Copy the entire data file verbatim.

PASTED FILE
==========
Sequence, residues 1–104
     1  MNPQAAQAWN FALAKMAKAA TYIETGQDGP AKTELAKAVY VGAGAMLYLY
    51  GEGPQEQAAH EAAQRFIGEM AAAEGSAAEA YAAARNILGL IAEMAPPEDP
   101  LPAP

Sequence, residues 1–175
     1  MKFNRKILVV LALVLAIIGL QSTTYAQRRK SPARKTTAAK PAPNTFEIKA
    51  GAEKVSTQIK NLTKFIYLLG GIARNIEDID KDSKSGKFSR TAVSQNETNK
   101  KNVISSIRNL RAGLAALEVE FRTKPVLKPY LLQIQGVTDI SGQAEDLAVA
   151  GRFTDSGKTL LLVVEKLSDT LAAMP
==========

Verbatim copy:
Sequence, residues 1–104
     1  MNPQAAQAWN FALAKMAKAA TYIETGQDGP AKTELAKAVY VGAGAMLYLY
    51  GEGPQEQAAH EAAQRFIGEM AAAEGSAAEA YAAARNILGL IAEMAPPEDP
   101  LPAP

Sequence, residues 1–175
     1  MKFNRKILVV LALVLAIIGL QSTTYAQRRK SPARKTTAAK PAPNTFEIKA
    51  GAEKVSTQIK NLTKFIYLLG GIARNIEDID KDSKSGKFSR TAVSQNETNK
   101  KNVISSIRNL RAGLAALEVE FRTKPVLKPY LLQIQGVTDI SGQAEDLAVA
   151  GRFTDSGKTL LLVVEKLSDT LAAMP